Snake Eyes

Snake Eyes

Virtually everyone is familiar with the term snake eyes, which has become synonymous for meaning a total and complete loss, or landing up in a situation that there is no reasonable way out of. The origin of the term, of course, comes from diced based games, and dates back as far as ancient Rome. The modern term snake eyes has been used since about the 1930s.

So why does the term exist?

The likelihood of rolling two ones with a pair of dice is extremely low, one in thirty six, and normally has a negative effect for the dice roller. Hence, the rare event that generally spelled misery for players gained notoriety, and was named after the resemblance to the dice as a pair of eyes. Interestingly, a pair of sixes is as rare as a pair of ones, and is often a good result for players, but has not gained the same notoriety. In the popular game of craps, the term is most prevalent.

Understanding Craps And Dice Games

In craps a player, referred to as a shooter, is required to roll a pair of dice, hoping to land a seven or eleven in any combination of the two dice. If seven or eleven are rolled, the shooter instantly wins, as well as all spectators who have placed bets on this outcome. If, however, the shooter rolls a two, three, or twelve, it is an instant loss.

Should the shooter roll any other number, besides those mentioned above, that number must be rolled again before a seven is rolled, in order for the shooter to win. So why the emphasis on two aces? As with roulette, players of craps may bet on a specific outcome in order to win. That is to say, the shooter does not have to win in order for bets on the results of the dice to payout. So the shooter may lose, but bet makers may still win, if they bet on the shooter losing.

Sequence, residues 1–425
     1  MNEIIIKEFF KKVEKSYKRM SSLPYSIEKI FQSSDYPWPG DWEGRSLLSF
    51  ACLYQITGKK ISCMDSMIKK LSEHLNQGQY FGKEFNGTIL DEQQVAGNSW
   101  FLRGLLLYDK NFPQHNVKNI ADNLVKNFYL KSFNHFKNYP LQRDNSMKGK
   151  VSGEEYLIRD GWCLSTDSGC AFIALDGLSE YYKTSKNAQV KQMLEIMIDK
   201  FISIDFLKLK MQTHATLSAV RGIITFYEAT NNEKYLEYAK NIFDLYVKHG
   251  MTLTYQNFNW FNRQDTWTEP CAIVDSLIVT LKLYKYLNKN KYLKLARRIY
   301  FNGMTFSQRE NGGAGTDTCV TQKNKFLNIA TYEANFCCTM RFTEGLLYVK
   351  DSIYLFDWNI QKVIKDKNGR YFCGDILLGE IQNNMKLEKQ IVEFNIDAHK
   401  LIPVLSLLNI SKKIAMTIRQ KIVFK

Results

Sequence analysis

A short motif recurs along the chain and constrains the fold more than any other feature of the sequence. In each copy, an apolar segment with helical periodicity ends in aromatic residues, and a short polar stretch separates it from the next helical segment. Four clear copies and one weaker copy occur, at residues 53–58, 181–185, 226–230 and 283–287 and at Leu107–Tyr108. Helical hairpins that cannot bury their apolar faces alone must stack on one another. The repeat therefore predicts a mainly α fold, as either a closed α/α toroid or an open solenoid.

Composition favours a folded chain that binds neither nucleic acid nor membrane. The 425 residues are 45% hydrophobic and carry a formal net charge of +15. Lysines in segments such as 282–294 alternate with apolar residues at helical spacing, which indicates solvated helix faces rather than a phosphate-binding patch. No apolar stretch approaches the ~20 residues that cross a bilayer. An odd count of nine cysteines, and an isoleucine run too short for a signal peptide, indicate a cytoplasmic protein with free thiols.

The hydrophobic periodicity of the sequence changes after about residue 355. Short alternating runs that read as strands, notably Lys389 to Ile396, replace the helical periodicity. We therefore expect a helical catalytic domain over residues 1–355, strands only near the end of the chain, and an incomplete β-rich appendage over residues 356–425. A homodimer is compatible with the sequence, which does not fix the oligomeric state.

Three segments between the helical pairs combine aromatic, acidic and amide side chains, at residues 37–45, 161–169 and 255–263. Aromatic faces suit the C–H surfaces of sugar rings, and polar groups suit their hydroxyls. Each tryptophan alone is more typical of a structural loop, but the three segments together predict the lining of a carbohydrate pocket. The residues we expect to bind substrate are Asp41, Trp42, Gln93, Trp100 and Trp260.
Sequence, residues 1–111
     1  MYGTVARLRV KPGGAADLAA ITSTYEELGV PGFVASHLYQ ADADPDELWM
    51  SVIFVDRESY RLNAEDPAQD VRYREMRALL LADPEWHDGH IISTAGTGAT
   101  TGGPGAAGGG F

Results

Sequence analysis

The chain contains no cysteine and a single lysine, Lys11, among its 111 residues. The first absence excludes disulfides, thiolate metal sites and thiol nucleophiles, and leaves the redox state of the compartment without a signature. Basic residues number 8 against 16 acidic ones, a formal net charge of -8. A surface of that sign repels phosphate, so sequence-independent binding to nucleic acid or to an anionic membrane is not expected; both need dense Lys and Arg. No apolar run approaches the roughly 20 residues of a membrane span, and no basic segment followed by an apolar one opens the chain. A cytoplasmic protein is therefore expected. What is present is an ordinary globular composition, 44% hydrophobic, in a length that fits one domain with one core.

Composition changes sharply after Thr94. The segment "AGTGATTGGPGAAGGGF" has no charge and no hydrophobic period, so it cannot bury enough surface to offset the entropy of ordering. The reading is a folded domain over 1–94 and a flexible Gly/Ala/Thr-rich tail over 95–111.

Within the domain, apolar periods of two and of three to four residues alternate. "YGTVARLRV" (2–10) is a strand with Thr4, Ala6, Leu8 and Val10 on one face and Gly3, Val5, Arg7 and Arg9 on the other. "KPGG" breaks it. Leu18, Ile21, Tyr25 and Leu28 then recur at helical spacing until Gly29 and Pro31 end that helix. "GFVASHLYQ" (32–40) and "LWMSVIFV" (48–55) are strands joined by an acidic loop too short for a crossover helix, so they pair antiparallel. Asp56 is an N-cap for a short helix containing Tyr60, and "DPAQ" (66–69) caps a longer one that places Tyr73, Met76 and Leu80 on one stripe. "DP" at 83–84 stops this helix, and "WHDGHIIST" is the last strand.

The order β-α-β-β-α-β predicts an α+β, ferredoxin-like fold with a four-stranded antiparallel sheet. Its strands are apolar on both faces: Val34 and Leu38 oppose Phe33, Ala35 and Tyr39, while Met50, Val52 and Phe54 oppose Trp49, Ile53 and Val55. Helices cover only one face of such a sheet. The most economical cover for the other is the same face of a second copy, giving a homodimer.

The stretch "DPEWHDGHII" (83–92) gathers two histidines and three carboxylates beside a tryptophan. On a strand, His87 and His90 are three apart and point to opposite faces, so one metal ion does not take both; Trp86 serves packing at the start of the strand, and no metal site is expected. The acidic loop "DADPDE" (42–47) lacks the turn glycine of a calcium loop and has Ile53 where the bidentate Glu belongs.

Snake eyes, however, is a result that is excluded from other betting options, meaning that the result must specifically be bet on in order for any payouts to be made. The same is true for the zero pocket in roulette. Hence, it is extremely unlikely that any bets ever be won with the dice landing on two aces. Plus, even if a bet maker has bet on snake eyes, and wins, the payout is not as much as it should be based on the odds of the occurrence.

House Edge

Casinos are not in the business of giving away money, and so gambling games require a house edge, or a statistical number by which the casino always wins. In craps snake eyes represent the house edge, as well as the zero pocket in roulette. A house edge may not seem like a lot, but over time will always add up to revenue for the casino, an enormous amount given how many bets are made in casino in a single night. In craps the house edge, simplified, is about eleven percent. Seemingly not a huge amount. Keep in mind, however, that in traditional European roulette, not the altered American version, the house edge is just under three percent. The real trick of gambling is finding the game with least prevalent version of snake eyes.